is also thought that at the Crusades, when we learned so much from the Arabians, in mathematics, etc., we also acquired their musical systems, which are marvels of ingenuity and complexity; but these were utterly rejected, and the Arabians, on their part, refused to admire the little we could then accomplish with the new science of harmony. So little did our music take its rise in the East (although all our instruments originally came from thence), that the Irish harps and harpers were sent to Italy, where they gained the praises of Dante and Galileo. The Italians subsequently sent their sons westward, to learn counterpoint, as Americans now study in Europe.
In early times music was much more troublesome to learn than it is now. The instruments were difficult to tune, and keep in tune; and the notes had to be identified by the ear. Now, a deaf or ignorant performer may provide himself with the tonal system ready-made and symmetrically laid out as on a piano-forte finger-board. The complex nature of the new art demanded such a simplification, and some arrangement by which an executant might operate many notes at the same time. The advances made in the physical sciences generally, and especially in pneumatics, hydraulics, electricity, and acoustics, aided in the improvement of organs.
The mere act of reducing the musical dream to positive statement in writing marks a mental advance, especially when it is remembered that this notation has proved capable of recording conveniently the most highly elaborated forms of modern compositions. It is far simpler than the Chinese notation, and more direct than tablature, which gave directions how to find the notes, instead of indicating them directly by letters that form a kind of algebra. With this notation the musician has been able to avail himself of the printing-press, and thus to spread his apparently indescribable imaginings broadcast throughout Christendom. Singularly enough, his harmonies are still unappreciated elsewhere.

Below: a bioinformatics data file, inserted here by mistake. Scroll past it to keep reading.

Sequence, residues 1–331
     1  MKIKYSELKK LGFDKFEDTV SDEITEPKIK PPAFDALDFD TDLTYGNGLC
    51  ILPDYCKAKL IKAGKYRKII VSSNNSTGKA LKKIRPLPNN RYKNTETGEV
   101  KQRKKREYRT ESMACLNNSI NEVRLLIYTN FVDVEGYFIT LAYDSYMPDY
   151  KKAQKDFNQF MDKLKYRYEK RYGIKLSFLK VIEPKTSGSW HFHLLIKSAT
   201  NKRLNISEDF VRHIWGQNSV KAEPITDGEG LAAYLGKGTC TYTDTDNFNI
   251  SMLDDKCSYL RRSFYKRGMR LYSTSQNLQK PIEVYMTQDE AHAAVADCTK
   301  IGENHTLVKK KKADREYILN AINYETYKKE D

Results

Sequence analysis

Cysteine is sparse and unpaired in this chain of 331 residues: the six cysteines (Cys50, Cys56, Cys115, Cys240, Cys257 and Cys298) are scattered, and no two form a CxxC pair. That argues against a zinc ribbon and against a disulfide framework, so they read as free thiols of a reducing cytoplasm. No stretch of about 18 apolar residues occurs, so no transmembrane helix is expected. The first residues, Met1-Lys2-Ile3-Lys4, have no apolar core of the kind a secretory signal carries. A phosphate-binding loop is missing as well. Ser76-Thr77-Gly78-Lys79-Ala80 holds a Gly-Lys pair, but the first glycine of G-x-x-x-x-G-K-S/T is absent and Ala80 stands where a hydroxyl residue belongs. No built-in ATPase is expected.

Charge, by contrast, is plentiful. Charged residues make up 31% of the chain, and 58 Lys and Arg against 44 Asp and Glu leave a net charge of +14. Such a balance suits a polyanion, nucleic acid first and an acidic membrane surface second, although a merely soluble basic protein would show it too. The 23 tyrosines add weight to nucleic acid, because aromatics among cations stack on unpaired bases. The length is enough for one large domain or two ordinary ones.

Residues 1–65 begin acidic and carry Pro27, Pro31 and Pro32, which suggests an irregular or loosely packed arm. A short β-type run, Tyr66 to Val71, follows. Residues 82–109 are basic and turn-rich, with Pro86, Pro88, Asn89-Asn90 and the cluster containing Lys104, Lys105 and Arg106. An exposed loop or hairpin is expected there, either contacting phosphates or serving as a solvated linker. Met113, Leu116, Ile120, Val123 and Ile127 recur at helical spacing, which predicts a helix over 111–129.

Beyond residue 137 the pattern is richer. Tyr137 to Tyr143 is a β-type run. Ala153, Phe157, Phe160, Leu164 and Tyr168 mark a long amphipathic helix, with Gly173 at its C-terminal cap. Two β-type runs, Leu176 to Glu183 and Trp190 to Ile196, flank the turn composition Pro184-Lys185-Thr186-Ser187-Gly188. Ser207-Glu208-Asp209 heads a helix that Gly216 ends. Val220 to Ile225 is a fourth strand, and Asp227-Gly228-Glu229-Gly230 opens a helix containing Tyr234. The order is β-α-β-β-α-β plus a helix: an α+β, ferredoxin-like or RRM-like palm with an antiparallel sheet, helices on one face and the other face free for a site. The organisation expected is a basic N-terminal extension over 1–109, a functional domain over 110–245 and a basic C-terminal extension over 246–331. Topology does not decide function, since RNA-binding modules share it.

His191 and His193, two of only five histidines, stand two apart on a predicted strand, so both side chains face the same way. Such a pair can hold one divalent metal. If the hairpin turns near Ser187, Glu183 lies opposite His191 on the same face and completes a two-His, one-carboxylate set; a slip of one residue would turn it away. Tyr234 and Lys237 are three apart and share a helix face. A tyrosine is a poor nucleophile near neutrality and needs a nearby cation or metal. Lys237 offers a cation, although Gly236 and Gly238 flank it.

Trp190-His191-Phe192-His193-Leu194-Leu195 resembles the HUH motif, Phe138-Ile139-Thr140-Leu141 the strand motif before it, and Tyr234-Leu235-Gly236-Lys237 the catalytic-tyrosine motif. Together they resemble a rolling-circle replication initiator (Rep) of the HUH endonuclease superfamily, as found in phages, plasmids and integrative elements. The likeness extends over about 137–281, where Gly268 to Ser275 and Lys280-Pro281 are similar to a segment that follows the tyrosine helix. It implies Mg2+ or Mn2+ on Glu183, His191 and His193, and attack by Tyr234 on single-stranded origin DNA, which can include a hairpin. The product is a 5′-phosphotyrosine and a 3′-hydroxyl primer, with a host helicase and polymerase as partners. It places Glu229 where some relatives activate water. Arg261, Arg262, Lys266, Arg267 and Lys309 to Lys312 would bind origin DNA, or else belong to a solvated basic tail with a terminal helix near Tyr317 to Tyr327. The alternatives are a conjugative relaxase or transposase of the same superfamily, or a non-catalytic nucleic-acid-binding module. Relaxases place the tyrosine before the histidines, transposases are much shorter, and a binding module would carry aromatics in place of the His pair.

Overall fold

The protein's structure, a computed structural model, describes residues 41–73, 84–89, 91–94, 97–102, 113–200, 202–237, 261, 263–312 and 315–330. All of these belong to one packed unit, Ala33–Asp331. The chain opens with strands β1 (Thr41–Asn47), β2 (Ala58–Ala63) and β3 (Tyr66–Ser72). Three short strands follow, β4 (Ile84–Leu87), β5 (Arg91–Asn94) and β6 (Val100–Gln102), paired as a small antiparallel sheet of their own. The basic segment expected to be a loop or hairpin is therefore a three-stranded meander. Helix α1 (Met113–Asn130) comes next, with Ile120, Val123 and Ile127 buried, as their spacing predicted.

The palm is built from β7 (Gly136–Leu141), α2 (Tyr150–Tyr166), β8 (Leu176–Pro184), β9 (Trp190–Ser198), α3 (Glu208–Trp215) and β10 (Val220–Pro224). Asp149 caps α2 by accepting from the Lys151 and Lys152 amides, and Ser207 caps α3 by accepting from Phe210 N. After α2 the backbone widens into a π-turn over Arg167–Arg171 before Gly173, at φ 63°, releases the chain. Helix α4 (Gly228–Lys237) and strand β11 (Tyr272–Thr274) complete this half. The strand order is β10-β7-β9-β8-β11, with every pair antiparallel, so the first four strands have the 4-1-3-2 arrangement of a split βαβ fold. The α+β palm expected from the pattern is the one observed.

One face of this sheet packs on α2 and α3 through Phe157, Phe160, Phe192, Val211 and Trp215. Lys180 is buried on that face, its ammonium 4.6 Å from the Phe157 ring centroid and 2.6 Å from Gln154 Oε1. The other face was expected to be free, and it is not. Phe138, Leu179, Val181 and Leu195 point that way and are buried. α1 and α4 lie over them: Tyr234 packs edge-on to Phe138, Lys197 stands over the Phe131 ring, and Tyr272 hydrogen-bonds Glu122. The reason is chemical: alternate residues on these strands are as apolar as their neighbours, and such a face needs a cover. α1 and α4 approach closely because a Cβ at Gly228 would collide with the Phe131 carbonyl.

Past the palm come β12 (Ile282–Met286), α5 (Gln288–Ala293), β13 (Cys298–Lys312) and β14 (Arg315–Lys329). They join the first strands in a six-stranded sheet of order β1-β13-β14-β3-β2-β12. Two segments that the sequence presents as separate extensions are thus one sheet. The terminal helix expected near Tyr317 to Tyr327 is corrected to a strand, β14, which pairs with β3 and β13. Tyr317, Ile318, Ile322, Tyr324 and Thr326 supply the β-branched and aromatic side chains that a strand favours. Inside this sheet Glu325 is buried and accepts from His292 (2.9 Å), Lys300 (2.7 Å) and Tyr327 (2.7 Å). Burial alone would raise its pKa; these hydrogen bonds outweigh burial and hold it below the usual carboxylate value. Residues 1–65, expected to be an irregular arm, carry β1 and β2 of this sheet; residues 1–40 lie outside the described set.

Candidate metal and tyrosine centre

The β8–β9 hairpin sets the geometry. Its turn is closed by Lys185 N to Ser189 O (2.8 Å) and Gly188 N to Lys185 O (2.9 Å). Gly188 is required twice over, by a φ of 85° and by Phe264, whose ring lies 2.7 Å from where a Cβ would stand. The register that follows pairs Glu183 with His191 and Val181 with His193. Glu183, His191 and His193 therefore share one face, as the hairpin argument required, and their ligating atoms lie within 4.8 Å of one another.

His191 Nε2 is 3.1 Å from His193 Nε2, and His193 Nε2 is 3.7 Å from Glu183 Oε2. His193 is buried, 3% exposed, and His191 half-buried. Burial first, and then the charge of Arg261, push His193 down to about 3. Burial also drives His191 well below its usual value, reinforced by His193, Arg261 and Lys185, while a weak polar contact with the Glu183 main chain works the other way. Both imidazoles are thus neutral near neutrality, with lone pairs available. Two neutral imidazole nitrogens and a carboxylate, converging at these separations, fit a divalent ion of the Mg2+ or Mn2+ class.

The study of comparative psychology has been followed up. Hence we now find in the works of Chopin an ideal reflection of the sorrows of the Polish people, long suffering from quarrels not of their own making; and, in the passionate music of the Italian, a marked contrast with the deeper-felt expressions of his Teutonic neighbor. Modern introspection, as in Byron's "Manfred" and Goethe's "Faust," finds its counterpart in the overtures of Schumann and Wagner, whose "Faust Overture" is acknowledged to be a portraiture of a definite soul-state.
Although the drama has declined, modern music has become preeminently dramatic. A symphony by Beethoven is an idealized form of the Shakespearean drama, rather than that of the Greeks; for it has not a mere trio of parts, but many; and a complex scheme of plots and counter-plots, incidental passages, etc. Its voices are persons (in the sense of personare, "to sound through"), and they are heard